cre·dence | \ˈkrē-dᵊn(t)s \

Definition of credence 

1a : mental acceptance as true or real give credence to gossip

b : credibility sense 1 lends credence to the theory an idea that is gaining credence

2 : credentials used in the phrase letters of credence

3 [ Middle French, from Old Italian credenza ] : a Renaissance sideboard used chiefly for valuable plate

4 : a small table where the bread and wine rest before consecration

Keep scrolling for more

Synonyms & Antonyms for credence


confidence, faith, stock, trust


distrust, mistrust

Visit the Thesaurus for More 

Choose the Right Synonym for credence

belief, faith, credence, credit mean assent to the truth of something offered for acceptance. belief may or may not imply certitude in the believer. my belief that I had caught all the errors faith almost always implies certitude even where there is no evidence or proof. an unshakable faith in God credence suggests intellectual assent without implying anything about grounds for assent. a theory now given credence by scientists credit may imply assent on grounds other than direct proof. gave full credit to the statement of a reputable witness

What Is The Difference Between credence and belief?

Credence is close in meaning to belief, but there are differences. Unlike belief, credence is seldom used in connection with faith in a religion or philosophy. Instead credence is often used in reference to reports, rumors, and opinions. And, unlike belief, it tends to be used with the words give, lack, lend,and gain. So a new piece of evidence may lend credence to the alibi of a criminal suspect. Claims that a political candidate can become the next President gain credence only after the candidate wins a few primaries. And although stories about Elvis sightings persist, they lack credence for most people.

Examples of credence in a Sentence

The theory is gaining credence among scientists. I'm afraid I don't put much credence in common gossip.

Recent Examples on the Web

The story comes from Spanish outlet AS and is given credence as the journalist responsible, Joaquin Maroto, is said to have close ties to Hierro and is with the squad in Russia., "Spain Boss Considers Benching David de Gea for World Cup Last 16 Tie in Bid to Solve Leaky Defence," 26 June 2018 The population shift could give credence to the argument that the city’s efforts to clear away downtown homeless camps last yearresulted in homeless people moving elsewhere. Gary Warth,, "Data shows homeless on the move in San Diego," 25 June 2018 But, in another perspective, 233 scientists are calling to restrict neonicotinoids, arguing that global environmental factors—not just human health—should be given credence in deciding how, and how much of, these agents are used. Diana Gitig, Ars Technica, "Glyphosate is safe, but some scientists still question how we regulate it," 5 June 2018 It was largely seen as a publicity stunt but earned the vice president credence from his boss. The Washington Post,, "Trump pulls Philadelphia Eagles' White House invitation," 5 June 2018 While the end-of-year prediction by bulls may still hold true, the declines that followed lent equal credence to bears., "Four Trends in Nine Weeks: Emerging Stocks on Roller Coaster," 5 Mar. 2018 Johnson, however, put more credence in Rialmo’s allegation that LeGrier swung the bat. Dan Hinkel,, "Trial opens in 2015 police shooting in which bat-wielding teen and bystander were killed," 18 June 2018 And when risks are more palpable, people tend to give them too much credence. The Economist, "A case for owning euro-zone shares," 9 June 2018 Kennedy’s willingness to acknowledge America’s flaws, and her ongoing struggle to live up to her ideals, added credence to his message. James Hohmann, Washington Post, "The Daily 202: RFK’s speech in apartheid South Africa remains relevant 50 years after his assassination," 5 June 2018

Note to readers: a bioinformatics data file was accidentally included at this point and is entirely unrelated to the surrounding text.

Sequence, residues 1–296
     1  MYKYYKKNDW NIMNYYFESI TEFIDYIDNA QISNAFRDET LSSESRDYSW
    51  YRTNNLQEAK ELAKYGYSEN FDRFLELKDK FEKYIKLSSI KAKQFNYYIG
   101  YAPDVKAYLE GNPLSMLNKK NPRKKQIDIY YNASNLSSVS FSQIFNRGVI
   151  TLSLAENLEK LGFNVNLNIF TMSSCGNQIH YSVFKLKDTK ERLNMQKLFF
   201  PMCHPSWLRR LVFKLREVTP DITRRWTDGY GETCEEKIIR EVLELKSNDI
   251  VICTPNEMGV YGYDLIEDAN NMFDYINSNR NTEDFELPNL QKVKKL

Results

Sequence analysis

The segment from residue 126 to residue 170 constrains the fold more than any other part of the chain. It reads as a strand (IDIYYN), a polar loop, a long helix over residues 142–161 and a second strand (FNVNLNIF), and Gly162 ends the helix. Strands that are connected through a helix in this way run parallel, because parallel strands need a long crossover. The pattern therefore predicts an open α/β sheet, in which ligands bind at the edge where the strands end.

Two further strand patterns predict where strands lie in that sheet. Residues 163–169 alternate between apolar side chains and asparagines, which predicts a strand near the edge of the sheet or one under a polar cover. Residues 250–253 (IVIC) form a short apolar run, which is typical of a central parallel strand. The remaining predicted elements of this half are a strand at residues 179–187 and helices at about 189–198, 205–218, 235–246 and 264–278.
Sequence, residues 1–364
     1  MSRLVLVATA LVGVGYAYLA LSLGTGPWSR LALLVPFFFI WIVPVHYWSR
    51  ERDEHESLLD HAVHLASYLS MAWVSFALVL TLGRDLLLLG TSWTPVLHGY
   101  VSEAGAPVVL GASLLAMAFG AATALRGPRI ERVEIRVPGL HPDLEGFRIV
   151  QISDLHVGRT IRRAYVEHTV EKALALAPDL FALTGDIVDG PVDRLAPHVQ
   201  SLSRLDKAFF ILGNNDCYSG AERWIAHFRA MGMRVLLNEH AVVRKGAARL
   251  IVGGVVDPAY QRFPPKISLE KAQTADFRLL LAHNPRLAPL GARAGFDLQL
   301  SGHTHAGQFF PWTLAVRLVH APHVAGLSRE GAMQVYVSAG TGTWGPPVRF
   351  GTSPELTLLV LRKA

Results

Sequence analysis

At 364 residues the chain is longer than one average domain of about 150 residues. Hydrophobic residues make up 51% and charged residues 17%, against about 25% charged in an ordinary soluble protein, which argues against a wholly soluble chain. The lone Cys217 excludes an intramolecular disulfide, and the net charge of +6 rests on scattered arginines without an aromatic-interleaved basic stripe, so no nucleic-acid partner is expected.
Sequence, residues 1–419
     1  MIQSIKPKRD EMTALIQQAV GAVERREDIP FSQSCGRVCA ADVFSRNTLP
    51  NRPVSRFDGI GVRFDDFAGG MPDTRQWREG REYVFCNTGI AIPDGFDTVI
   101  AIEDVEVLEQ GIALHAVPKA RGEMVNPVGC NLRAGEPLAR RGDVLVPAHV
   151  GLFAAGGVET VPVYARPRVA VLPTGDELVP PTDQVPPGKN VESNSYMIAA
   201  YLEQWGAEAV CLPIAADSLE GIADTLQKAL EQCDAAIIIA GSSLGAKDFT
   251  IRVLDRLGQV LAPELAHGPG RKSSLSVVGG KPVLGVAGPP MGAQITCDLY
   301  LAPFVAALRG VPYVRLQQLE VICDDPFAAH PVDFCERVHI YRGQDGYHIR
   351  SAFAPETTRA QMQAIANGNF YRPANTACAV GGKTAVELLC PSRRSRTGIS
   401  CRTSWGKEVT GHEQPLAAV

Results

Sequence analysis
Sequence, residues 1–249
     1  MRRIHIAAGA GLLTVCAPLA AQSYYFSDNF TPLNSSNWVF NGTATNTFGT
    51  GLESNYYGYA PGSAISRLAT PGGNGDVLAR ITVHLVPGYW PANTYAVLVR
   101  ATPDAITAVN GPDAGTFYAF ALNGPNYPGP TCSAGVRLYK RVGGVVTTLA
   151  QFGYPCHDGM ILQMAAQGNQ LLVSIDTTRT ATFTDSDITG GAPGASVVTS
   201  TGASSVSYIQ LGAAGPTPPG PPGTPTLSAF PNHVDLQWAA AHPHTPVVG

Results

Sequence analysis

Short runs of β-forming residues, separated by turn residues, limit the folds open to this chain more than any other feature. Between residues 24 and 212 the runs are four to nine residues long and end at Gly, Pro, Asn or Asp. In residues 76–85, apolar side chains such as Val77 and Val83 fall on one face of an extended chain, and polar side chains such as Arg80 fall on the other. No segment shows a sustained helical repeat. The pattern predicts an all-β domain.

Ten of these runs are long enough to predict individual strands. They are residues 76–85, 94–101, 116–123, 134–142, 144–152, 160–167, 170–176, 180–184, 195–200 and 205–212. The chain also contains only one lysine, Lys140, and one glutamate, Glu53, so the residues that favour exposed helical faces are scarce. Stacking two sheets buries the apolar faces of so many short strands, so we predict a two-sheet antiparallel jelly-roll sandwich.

These example sentences are selected automatically from various online news sources to reflect current usage of the word 'credence.' Views expressed in the examples do not represent the opinion of Merriam-Webster or its editors. Send us feedback.

See More

First Known Use of credence

14th century, in the meaning defined at sense 1a

History and Etymology for credence

Middle English, from Anglo-French or Medieval Latin; Anglo-French, from Medieval Latin credentia, from Latin credent-, credens, present participle of credere to believe, trust — more at creed

Keep scrolling for more

Learn More about credence

Dictionary Entries near credence



Credé's method





Statistics for credence

Last Updated

6 Oct 2018

Look-up Popularity

Time Traveler for credence

The first known use of credence was in the 14th century

See more words from the same century

Keep scrolling for more

More Definitions for credence



English Language Learners Definition of credence

: belief that something is true

: the quality of being believed or accepted as something true or real

Keep scrolling for more

Comments on credence

What made you want to look up credence? Please tell us where you read or heard it (including the quote, if possible).


lying above or upon

Get Word of the Day daily email!

Test Your Vocabulary

Words from Greek and Roman Mythology Quiz

  • the-triumph-of-venus-by-alessandro-magnasco
  • Boreal comes from the name of the ancient Greek god of which wind?
True or False

Test your knowledge - and maybe learn something along the way.

Word Winder's CrossWinder

Test Your Knowledge - and learn some interesting things along the way.


Love words? Need even more definitions?

Subscribe to America's largest dictionary and get thousands more definitions and advanced search—ad free!